Further back in time, I recalled the analogy of the state paralysing Agbekoya crisis of the Western Region in 1968; and how in his capacity as the foremost Yoruba political leader of the time, the late Chief Obafemi Awolowo braved the odds to go to the Akanran jungle sanctuary of the militia to engage with them and ultimately brokered peace.
I see Buhari as of comparable political stature and relevance in the Muslim north and expected him to have similarly lent the weight of his personality in helping to rein in the reign of the Boko Haram terror. On the contrary it is on public record that he adamantly foreclosed any such mediatory role for himself even as the insurgents were deferring to him as an acceptable mediator.
All I have said is without prejudice to the recent paradigm shift in his position towards the acceptance of bipartisan ownership of the problem. I align myself with other Nigerian stakeholders in commending his nationalist attitudinal reorientation.
There are three crucial complementary dimensions to the insurgency crisis that should be deemed of overarching importance namely regional, national and international. Until the contemporary escalation, the problem has solely been assigned as a national liability attributing exclusive ownership to the federal government. This attribution is partly a reflection of the legacy of the progressive deformity and reduction of Nigeria’s federalism to a unitary state. It also reveals how Nigeria is ill served by the quasi-unitary contraption that the country operates.
The governance muddle and incoherence that characterised the interaction between the Borno State government and the federal government in addressing themselves to the problem is particularly illustrative. In the state governor you have a constitutionally designated chief security officer who is in no position to guarantee security and a federal government in whom all security power is vested but is in no position to ensure the compliance of Borno State with its apprehension of the security situation.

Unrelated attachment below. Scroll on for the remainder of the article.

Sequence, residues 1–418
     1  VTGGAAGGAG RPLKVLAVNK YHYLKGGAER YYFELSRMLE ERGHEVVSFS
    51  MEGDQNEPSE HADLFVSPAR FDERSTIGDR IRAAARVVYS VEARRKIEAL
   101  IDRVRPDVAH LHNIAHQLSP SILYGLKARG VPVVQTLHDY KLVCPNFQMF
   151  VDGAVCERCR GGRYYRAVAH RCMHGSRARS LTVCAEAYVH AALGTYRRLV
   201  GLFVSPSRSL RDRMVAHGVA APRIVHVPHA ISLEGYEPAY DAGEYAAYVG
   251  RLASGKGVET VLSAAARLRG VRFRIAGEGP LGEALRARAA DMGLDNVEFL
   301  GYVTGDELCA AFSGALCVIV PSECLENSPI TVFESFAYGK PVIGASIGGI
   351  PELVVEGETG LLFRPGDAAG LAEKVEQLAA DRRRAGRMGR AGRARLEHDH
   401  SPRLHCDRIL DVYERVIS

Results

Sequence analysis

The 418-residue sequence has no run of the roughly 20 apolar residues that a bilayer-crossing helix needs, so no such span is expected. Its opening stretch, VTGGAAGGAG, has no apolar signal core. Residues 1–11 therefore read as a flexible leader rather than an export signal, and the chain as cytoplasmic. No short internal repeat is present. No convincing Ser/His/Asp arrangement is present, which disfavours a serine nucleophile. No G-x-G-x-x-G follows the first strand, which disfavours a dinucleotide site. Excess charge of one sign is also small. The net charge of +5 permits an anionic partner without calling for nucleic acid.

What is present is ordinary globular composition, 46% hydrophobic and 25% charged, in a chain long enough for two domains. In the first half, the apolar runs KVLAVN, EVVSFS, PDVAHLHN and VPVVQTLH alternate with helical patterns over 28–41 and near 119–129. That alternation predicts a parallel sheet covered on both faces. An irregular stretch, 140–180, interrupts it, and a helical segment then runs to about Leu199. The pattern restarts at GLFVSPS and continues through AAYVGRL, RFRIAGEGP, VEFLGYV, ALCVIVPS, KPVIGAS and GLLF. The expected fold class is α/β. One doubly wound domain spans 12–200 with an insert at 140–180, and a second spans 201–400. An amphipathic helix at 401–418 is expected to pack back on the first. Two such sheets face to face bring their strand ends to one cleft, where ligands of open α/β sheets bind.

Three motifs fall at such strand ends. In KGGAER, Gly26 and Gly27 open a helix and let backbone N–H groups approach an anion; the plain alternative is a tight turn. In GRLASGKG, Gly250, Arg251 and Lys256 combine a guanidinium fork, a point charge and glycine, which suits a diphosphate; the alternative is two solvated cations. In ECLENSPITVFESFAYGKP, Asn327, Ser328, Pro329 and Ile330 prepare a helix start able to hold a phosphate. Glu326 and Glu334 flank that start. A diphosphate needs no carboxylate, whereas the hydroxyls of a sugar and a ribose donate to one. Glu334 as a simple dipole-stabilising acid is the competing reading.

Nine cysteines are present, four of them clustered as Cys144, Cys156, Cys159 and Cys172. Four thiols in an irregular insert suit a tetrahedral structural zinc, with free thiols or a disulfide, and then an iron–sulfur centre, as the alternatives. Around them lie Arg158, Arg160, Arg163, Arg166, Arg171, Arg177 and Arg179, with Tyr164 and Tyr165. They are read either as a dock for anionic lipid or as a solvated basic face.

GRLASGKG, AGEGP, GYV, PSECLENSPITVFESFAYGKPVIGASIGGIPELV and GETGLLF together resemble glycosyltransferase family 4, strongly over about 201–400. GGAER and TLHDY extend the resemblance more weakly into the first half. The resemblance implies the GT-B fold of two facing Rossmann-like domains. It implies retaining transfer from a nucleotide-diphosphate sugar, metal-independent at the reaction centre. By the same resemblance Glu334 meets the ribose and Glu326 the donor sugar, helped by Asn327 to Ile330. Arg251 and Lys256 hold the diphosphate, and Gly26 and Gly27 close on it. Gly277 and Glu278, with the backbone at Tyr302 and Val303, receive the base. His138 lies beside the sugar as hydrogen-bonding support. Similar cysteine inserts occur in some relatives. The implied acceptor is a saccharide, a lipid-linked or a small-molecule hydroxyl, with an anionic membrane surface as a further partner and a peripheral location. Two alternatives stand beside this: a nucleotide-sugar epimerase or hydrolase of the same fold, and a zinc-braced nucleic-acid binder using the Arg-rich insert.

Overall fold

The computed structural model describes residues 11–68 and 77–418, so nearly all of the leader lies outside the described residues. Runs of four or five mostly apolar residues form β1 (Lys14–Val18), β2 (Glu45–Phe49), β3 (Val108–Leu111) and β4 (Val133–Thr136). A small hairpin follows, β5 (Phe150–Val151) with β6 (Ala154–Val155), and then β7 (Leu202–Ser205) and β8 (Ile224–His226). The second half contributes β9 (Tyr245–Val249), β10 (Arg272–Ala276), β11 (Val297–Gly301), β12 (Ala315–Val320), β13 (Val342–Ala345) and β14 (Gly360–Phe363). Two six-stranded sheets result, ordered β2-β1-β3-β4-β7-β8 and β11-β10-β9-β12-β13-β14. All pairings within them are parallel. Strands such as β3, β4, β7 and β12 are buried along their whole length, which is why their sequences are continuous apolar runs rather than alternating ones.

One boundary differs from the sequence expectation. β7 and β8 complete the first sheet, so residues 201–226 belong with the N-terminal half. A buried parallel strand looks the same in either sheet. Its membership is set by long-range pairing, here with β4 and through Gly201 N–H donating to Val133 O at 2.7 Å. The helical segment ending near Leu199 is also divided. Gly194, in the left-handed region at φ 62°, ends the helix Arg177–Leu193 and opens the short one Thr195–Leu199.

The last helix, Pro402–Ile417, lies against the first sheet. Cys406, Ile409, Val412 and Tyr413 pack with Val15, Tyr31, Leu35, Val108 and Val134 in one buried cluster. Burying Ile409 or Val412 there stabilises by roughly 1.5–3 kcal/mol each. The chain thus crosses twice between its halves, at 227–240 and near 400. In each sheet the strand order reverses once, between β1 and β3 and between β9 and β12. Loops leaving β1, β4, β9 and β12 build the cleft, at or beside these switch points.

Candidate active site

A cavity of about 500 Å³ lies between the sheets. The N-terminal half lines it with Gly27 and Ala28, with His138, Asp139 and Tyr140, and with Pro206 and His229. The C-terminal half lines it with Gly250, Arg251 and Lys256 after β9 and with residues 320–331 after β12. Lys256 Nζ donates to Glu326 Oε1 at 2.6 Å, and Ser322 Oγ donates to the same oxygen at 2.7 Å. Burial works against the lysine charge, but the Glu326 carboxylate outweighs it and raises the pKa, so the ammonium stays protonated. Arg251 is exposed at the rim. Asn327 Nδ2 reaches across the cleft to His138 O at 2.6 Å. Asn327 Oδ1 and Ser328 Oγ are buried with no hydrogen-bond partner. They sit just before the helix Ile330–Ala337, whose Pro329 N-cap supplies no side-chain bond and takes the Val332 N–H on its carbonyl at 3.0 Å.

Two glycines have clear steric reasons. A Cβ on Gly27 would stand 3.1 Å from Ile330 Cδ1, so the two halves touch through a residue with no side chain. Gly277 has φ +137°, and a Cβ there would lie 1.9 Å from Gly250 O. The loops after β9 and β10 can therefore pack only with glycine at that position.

The international dimension is the geopolitical implication of the West Africa regional border locations of the affected states and the attendant trans-territorial security challenge it poses for Nigeria and the corresponding border countries. In the post 9\11 era of globalisation and global terrorism enfranchisement this challenge has become far flung and trans-continental.
The regional dimension is evident in two mutually reinforcing elements of the crisis. They are the far north location and the reinforcement of a predominantly Muslim population. Beyond their Nigerian citizenship, the militants share this identity with the populace and leaders of the Muslim north sub-region. On the basis of this shared identity, it is logical to assume that a bridge of understanding and mediation can be extended from the mainstream end of the Umaa (Islamic community) to the insurrection brigade at the marginal end; it is equally rational to expect the leaders to lead the way in bearing this emissary. And if the will is there, the probability is high that a way will be found.
It is costly for Nigeria that it took the tragedy of the Chibok crisis to get significant converts to this point of view within the regional community of the first area of impact of the crisis. I’m nonetheless gratified to share the company of eminent Nigerians of northern origin including Malam Shehu Sani and Niger State Governor Babangida Aliyu in calling on leaders from the north to complement national ownership of the crisis by the federal government with their regional ownership.
According to media reports, “A northern-based human rights activist and President of Civil Rights Congress of Nigeria, Mallam Shehu Sani, on Tuesday asked the Sultan of Sokoto, Sa’ad Abubakar III, to spearhead the search for the release of the abducted schoolgirls of Government Secondary School, Borno State by members of the dreaded Boko Haram sect. According to him, the abduction is not a matter for the federal government or President Goodluck Jonathan or the security forces alone to resolve but a national emergency which will affect the future of the country.
“You (Sultan) have a moral duty and a spiritual responsibility to be visibly and actively involved in seeking the resolution of this impasse happening within areas you have religious influence.”
Sani said as long as the Chibok girls continue to remain in captivity, it was not only the credibility of the federal government that was at stake but the moral perception of the nation and the relevance of the Sultanate and the overall image of Nigerian Muslims.
In a similar development, Governor Aliyu was reported as “urging General Abdulsalami Abubakar to prevail on past leaders of the country to help curb insurgency rocking the northern region. Aliyu, who is the Chairman, Northern States Governor’s Forum (NSGF), made the call at the maiden convocation of the Ibrahim Babangida Badamosi University, Lapai, Niger State. He expressed the hope that security challenges in the northern states could be surmounted in the next three months. Aliyu insisted that with concerted efforts from prominent Nigerians, the unbearable situation in the north would soon be a thing of the past.
“I call on Gen. Abdulsalami Abubakar to invite Gen. Theophilus Danjuma, Alhaji Shehu Shagari, Gen. Ibarahim Babangida to come together and help the north end the scourge of Boko Haram in the next three months.”
Op-ed pieces and contributions are the opinions of the writers only and do not represent the opinions of Y!/YNaija.